2004 AOSSM Annual Meeting
- Jennifer Miller MD, Congress Medical Associates Pasadena, CA
- John Sweet MA ATC, Occidental College Los Angeles, CA
- Selina Shah MD, Kaiser Permanente Los Angeles, CA
- Gregory Adamson , Congress Medical Associates Pasadena, CA
Concussions are frequent injuries in athletes participating in contact sports. Many different tests are used to evaluate players suspected of sustaining a concussion, and to help determine when they are safe to return to play. The SAC test is the most frequently used on-field assessment. A new computerized neuropsychological test battery, ImPACT, has been adopted by the NFL and many collegiate football teams. Validity and reliability studies have been performed for injured vs baseline scores. The purpose of our study was to determine if there is a difference in SAC and ImPACT scores when uninjured football players, who were involved in repetitive contact activity, are tested pre-season, mid-season, and post-season.
All 76 football players who participated in the 2003 football season at Occidental College underwent baseline SAC and ImPACT testing pre-season. During a bye week mid-season, and at the end of the season, the tests were repeated. Four players sustained concussions during the season and were excluded from the study. The remaining 72 players completed each test three times. The amount of contact activity each player was exposed to was determined from practice and game logs, and players were stratified into two groups. History of previous concussions was obtained.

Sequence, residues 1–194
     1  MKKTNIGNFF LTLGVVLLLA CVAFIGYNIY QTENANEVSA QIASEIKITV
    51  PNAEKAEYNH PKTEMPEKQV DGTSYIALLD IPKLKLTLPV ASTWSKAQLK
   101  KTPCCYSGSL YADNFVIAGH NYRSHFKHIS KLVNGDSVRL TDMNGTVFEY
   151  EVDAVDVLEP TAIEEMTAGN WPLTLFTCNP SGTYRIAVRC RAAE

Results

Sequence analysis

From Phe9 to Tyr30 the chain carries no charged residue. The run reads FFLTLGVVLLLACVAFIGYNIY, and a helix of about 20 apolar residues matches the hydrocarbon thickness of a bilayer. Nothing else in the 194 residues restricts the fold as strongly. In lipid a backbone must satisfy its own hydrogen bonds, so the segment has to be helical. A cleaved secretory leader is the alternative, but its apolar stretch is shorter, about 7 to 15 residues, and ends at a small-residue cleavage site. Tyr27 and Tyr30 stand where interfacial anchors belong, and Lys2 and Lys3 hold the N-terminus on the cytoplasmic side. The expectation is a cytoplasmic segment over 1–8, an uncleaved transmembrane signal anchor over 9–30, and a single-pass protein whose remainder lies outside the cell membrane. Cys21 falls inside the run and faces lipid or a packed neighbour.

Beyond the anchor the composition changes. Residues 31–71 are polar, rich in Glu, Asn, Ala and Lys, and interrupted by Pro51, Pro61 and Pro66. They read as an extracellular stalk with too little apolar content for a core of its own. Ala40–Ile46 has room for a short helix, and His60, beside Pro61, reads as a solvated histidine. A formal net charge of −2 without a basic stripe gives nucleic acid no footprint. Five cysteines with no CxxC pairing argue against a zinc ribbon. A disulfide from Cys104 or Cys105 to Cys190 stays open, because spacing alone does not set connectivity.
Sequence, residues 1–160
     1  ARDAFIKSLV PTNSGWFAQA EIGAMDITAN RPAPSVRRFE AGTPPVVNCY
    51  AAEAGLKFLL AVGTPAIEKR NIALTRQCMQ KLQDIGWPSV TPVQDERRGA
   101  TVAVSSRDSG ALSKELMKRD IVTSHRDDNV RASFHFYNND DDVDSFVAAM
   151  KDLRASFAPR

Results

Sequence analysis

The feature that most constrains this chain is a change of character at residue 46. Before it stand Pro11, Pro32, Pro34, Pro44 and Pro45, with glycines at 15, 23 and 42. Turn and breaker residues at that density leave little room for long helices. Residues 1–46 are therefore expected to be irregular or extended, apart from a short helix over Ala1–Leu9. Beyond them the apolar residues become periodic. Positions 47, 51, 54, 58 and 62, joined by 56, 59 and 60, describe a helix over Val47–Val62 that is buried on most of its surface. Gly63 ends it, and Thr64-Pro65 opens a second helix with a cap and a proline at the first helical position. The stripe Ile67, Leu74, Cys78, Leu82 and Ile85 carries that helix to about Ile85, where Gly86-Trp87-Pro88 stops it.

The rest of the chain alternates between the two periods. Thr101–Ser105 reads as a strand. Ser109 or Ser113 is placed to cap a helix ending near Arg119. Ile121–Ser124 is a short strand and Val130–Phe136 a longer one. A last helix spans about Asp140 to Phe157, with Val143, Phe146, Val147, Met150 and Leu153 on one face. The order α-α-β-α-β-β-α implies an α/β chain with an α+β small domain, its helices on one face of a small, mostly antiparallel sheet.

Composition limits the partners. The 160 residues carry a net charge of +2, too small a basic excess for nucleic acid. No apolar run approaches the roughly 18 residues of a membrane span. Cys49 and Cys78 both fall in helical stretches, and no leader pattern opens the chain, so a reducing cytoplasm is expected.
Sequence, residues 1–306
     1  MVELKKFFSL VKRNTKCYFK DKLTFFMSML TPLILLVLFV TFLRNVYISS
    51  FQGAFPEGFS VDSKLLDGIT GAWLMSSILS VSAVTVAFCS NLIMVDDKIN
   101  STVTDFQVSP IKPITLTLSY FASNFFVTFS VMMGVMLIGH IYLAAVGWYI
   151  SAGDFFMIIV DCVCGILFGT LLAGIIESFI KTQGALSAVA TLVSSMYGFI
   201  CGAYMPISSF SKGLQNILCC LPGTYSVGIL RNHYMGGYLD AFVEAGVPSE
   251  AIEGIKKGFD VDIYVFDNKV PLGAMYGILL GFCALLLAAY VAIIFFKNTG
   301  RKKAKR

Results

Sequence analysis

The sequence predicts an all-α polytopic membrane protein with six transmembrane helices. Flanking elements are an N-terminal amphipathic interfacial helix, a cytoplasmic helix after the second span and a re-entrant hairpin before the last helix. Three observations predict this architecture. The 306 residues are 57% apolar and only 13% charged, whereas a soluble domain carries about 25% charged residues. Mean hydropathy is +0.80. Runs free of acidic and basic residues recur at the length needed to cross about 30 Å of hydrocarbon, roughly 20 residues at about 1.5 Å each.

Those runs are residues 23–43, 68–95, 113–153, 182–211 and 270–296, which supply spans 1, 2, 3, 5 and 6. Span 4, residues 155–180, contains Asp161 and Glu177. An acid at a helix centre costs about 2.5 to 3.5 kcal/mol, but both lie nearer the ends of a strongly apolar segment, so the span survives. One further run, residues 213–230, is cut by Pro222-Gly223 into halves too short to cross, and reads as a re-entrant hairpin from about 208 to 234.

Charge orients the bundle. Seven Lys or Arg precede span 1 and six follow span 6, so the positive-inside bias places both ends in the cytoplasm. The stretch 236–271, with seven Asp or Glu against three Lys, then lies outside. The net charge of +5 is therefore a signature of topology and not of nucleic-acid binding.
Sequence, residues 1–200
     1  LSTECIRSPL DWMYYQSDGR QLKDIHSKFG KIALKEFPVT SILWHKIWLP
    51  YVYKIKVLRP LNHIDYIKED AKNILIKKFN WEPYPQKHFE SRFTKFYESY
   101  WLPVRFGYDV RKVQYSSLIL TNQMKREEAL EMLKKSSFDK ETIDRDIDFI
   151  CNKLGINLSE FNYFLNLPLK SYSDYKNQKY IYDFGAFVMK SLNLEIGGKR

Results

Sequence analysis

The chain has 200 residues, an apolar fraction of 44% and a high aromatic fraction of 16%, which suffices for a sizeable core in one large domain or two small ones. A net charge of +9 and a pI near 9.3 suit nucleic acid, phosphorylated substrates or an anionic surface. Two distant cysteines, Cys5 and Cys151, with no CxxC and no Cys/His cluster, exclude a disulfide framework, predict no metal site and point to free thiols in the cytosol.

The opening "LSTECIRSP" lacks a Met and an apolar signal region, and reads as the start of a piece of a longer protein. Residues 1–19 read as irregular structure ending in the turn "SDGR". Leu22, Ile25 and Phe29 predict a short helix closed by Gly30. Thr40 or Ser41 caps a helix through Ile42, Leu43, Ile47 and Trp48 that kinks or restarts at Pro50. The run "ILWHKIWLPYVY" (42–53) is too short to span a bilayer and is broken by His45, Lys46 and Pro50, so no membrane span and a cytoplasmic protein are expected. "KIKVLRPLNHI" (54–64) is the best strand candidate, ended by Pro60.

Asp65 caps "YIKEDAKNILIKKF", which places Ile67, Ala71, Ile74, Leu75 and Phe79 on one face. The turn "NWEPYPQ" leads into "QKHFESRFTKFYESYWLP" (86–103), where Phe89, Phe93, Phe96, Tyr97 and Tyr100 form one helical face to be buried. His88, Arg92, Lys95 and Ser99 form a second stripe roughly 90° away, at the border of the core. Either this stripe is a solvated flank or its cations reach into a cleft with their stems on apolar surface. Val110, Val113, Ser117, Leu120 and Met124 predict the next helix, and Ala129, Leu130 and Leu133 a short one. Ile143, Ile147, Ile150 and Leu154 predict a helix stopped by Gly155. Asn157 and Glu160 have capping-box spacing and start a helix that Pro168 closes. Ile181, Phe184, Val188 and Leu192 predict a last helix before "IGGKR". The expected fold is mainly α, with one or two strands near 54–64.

No statistical differences were found in overall SAC scores or any of the subsets of the test (immediate recall, orientation, reverse digits, months backwards, delayed recall) when pre-season, mid-season and post-season scores were evaluated. Scores varied by up to 4 points on the 30 point scale, but the majority were within 1 point of their baseline score. No statistical differences were found in the ImPACT composite scores (verbal memory, visual memory, visual motor speed, reaction time, impulse control) when pre-season, mid-season and post-season scores were evaluated. Memory scores showed the most variability, but results did not attain statistical significance. The amount of contact had no effect on scores.
ImPACT and SAC concussion management scores are not significantly altered by repetitive contact activity in athletes who have not sustained a concussion. Therefore, changes in these scores in an injured athlete should not be dismissed as changes brought on by the effects of the season. This study validates the use of SAC and ImPACT tests in collegiate athletics.
- McCrea, M. Standardized Assesment of Concussions in Football Players. Neurology 1997; 48:586-588.
- Clinical Medicine
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